During his more than 20 years of service with Swire he managed to incorporate his passion for the arts and culture into business. He was a key planner when Swire transformed rundown Quarry Bay into the upmarket, artistic Island East office area during the past two decades. He was also involved in a number of arts-related projects, including Artistree, which turned some of the office space in Island East into a multipurpose venue for exhibitions and performances by arts groups. The venue was opened in 2008 with the well-received Victoria & Albert Museum's Vivienne Westwood retrospective - a show rejected by the government, which believed the public had no interest in such an event.

In 2003 when three property giants were competing for the now defunct single tender for the West Kowloon Cultural District, Spurr worked with world-renowned architect Frank Ghery on an alternative proposal for the arts hub, suggesting that all the facilities should be fairly distributed across both sides of Victoria Harbour instead of concentrated in one area.

Spurr declined to comment yesterday when asked whether he was interested in the job.

Authority board member Allan Zeman declined to comment on whether Spurr would be a potential candidate to fill the 58-year-old Sheffield's shoes. "We are just starting to look around now," Zeman said, adding that the headhunter was currently looking at who might be suitable for the job.

Zeman said Spurr was one of the people interviewed for the top job, but added that Spurr's demand for more autonomy and his property background were not the reasons why he was not selected.

Some from the arts community felt Spurr would be good leading the arts hub. Ada Wong Ying-kay, a member of the authority's consultative committee, said Spurr would be a good choice to succeed Sheffield. "The WKCD is now at its development and construction stage and we need a local who knows how to build things."

The authority's performing arts committee member, Fredric Mao Chun-fai, said that he had known Spurr previously as a keen patron of the arts. "He came to see performances and was very concerned about what was happening in the arts sector," said Mao.

"The good thing about him is that he was among those few Westerners familiar with Hong Kong and the local arts scene. But whether he's a suitable candidate will depend on exactly what the authority wanted the CEO to do."

Art critic Oscar Ho Hing-kay said he was impressed by Swire's alternative proposal for the arts hub back then. "You must have guts in order to publicise such an alternative proposal," Ho said.

His property background should not be a reason why Spurr was not given the job.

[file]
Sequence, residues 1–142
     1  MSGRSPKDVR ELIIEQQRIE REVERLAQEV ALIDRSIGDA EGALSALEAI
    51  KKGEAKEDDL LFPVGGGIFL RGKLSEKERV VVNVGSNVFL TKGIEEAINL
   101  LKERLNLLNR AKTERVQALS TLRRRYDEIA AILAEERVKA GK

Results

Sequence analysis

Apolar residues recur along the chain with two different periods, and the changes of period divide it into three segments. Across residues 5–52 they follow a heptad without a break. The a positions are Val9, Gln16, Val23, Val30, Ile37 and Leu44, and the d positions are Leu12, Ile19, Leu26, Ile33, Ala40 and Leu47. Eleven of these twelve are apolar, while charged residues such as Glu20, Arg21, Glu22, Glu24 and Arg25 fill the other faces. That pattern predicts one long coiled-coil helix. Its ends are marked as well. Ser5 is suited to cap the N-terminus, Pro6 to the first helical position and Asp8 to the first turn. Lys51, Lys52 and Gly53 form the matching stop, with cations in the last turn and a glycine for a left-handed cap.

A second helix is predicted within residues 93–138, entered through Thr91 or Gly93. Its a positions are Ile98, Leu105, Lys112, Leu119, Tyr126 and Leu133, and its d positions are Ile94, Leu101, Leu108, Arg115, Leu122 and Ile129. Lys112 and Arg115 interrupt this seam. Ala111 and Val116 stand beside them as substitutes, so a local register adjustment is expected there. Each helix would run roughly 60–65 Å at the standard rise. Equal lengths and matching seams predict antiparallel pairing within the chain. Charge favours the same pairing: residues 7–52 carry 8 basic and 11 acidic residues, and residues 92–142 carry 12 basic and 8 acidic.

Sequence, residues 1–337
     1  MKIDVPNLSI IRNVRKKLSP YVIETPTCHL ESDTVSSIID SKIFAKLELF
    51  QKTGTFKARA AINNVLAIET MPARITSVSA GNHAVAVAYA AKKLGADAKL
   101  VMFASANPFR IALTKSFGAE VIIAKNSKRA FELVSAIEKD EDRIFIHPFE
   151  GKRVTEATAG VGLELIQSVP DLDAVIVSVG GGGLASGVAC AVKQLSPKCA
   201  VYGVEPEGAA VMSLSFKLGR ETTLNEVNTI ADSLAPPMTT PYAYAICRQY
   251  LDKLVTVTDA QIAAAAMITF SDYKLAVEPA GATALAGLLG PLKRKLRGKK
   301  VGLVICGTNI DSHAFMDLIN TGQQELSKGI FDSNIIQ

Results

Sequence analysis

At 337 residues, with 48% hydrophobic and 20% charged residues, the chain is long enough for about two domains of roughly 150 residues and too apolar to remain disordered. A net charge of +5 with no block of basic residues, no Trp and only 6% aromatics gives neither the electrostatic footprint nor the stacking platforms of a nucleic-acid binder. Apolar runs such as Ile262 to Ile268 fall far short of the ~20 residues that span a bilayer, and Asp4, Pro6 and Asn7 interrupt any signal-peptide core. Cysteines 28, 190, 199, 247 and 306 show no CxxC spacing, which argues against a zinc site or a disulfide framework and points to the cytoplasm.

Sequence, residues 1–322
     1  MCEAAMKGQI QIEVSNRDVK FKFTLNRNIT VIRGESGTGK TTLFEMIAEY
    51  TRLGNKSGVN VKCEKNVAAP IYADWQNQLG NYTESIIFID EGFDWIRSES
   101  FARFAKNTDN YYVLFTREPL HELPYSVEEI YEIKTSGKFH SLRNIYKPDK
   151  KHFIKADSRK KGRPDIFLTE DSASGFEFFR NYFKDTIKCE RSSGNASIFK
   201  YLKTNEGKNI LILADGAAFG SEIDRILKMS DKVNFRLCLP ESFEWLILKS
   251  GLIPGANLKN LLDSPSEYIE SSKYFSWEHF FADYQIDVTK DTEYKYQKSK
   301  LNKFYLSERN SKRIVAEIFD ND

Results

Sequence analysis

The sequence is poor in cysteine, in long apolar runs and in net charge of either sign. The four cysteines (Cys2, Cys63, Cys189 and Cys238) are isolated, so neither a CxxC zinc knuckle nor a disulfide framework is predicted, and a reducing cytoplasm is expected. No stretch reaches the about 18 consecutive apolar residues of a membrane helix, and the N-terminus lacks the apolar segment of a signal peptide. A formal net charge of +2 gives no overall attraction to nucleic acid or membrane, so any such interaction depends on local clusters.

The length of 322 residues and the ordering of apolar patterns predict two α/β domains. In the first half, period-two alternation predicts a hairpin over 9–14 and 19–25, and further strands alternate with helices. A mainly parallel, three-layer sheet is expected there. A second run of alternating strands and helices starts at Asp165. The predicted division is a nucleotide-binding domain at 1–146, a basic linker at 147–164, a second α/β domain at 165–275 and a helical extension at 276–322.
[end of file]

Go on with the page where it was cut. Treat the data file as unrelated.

"As long as that person is professional and artistic, we should give him a chance," Ho said. "If the government does not have the tolerance to accommodate the right talents, we might as well just not do any cultural projects at all."
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Old January 11th, 2011, 04:11 PM   #763
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Sleepless in TST: how the strain got to arts hub chief
9 January 2011
SCMP

The stress and strain of heading Hong Kong's most ambitious and large-scale cultural project began to show on ex-West Kowloon Cultural District chief executive officer Graham Sheffield late last year, says one of the top executives who worked closely with him.

Sheffield's shock resignation last week on health grounds came just five months into his three-year, HK$3.5 million-a-year contract.

The chairman of the West Kowloon Cultural District's performing arts committee, Allan Zeman, said signs that the pressure was mounting on Sheffield, 58, began to emerge in late November.

Around that time, Zeman said, Sheffield, the former artistic director of London's Barbican Centre, told him he was feeling "more and more unwell as time went on".

"Graham told me that he was having trouble sleeping and was increasingly suffering from fatigue. He felt constantly tired," Zeman said.

"I did not think it was that serious at first and thought that a good rest back at his home in the UK over the Christmas holidays would recharge his batteries and he would return to Hong Kong revitalised.

"He consulted his doctor in the UK and afterwards his doctor contacted us to say that he needed complete rest.

"It was soon after this that Graham phoned to say that he had decided to resign because of ill health.